The common definition of ‘Curator’ is “keeper or custodian of a museum or other collection”. After meeting Dr. Catherine Hale, the effervescent and first-ever Curator, Creative Campus Galleries at Sheridan, that definition seems superficial at best. That’s because Hale, in her curatorial practice, is focused less on arranging art on walls, and more on the power of art and visual culture to start conversations and examine important issues from multiple perspectives.
Hale joined Sheridan in the fall of 2016, and her first exhibit here reflected this approach. Indigen:US, a collaboration with photographer and Sheridan graduate Elijah Monroe, explored how government-issued status cards influence the identity of First Nations, Métis and Inuit people in the Sheridan community and in Canada. This pop-up exhibit toured Sheridan campuses, and was the impetus for a series of ‘talking circles’ which brought diverse members of the community together to explore wider issues around being Indigenous.
“That is what so much of my work is about – using creative work to initiate dialogue and ask tough questions,” she says.
Ever since she was a child, Hale has been driven by an insatiable curiosity and thirst for knowledge. Those qualities guided her in her education, which includes a Masters in Canadian Art History from Carleton University and a PhD in History of Art and Architecture from Harvard University. “One of the wonderful things I found in studying art history is that you can use an art object to think about literature, to think about science or politics or medicine. It was a way in which I was able to think about all kinds of interesting things, to meet interesting people and ask interesting questions.”
“That is what so much of my work is about – using creative work to initiate dialogue and ask tough questions.” – Dr. Catherine Hale
Before joining Sheridan, she held curatorial positions at the University of Iowa and Stanford University, where she specialized in African and Indigenous art and was intrigued by the complicated colonial history that influences art and how it is displayed in North America and around the world.
Along the way, she developed her own unique curatorial practice. “A lot of my experience was built around seeing myself as a facilitator and liaison with different communities. It’s really important to me that the communities being represented in an exhibit have a role and a voice in that process.”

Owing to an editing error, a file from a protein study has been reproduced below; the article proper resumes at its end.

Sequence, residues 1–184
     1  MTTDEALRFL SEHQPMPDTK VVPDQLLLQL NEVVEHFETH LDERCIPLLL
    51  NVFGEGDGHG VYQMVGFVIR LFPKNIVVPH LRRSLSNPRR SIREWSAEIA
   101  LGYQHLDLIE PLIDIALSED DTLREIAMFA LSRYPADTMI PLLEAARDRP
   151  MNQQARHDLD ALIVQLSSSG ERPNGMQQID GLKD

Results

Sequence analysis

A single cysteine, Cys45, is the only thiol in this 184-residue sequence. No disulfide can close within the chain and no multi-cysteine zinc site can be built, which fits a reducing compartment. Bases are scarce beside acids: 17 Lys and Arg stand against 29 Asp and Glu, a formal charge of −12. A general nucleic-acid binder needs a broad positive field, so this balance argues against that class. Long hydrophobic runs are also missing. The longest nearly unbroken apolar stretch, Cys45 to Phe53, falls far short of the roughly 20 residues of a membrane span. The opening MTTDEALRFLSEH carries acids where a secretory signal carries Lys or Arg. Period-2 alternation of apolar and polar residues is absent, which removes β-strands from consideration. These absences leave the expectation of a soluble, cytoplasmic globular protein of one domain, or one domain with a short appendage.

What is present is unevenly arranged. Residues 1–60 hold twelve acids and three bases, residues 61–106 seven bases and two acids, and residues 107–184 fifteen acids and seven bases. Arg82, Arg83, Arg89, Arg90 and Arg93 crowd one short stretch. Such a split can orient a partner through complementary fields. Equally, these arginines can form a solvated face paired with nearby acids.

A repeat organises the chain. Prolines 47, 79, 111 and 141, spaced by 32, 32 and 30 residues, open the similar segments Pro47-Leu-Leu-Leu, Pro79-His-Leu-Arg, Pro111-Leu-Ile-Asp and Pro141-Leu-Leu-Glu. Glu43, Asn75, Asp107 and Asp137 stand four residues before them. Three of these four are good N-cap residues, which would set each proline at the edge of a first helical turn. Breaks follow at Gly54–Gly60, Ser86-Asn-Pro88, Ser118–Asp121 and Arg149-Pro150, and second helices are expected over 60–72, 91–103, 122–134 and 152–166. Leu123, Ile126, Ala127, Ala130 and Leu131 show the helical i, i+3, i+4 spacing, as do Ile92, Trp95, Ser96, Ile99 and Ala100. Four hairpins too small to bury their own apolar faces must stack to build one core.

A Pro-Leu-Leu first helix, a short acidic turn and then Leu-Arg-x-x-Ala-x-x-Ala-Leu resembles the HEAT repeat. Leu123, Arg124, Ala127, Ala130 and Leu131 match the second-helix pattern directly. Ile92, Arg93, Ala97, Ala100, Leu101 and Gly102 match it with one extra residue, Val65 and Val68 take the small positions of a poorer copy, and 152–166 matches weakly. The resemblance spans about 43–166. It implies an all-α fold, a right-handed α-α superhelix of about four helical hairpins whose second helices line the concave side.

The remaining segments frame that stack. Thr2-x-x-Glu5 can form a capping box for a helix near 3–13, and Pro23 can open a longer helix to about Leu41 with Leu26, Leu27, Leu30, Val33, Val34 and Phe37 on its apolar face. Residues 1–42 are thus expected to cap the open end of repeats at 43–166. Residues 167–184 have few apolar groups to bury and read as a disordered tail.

Hale’s first major exhibit at Sheridan is entitled “human: purposeful creativity for our communities”, currently on display at the HMC B-Wing Gallery. Its conception and development involved a process of reaching out across the Sheridan community during her first months here, meeting with staff, faculty and students. “What I kept hearing from everyone I met is that their work is about people, and what they can do to alleviate the challenges of everyday life. That became the inspiration for “human”.
The result? A diverse and eclectic exhibit, featuring everything from metal stampings used in car assembly, to a table designed to make mealtimes more inclusive at a children’s hospice, to an interactive web application that helps athletic therapy students better understand the body – all creations developed at Sheridan.
“It was important to me to send a message that the Creative Campus Galleries are an inclusive environment. This exhibit demonstrates Sheridan’s ethos of creativity across all disciplines, and in our different faculties, programs and research centres.”
With two exhibits now under her belt, Hale is excited about continuing to build the Creative Campus Galleries in collaboration with the broader community. “The goal is to make creativity visible so that not only do the galleries function as a showcase of the incredible work that’s happening at Sheridan, but also connect us to other communities and act as a catalyst to bring people and ideas together.”
“human” continues at the HMC B-Wing Gallery until August 11, 2017.
Pictured at top of page: Dr. Catherine Hale, Curator, Creative Campus Galleries at Sheridan. Photo by alumnus Jonathan Bielaski.
Written by: Susan Atkinson, (retired) Director, Communications at Sheridan.
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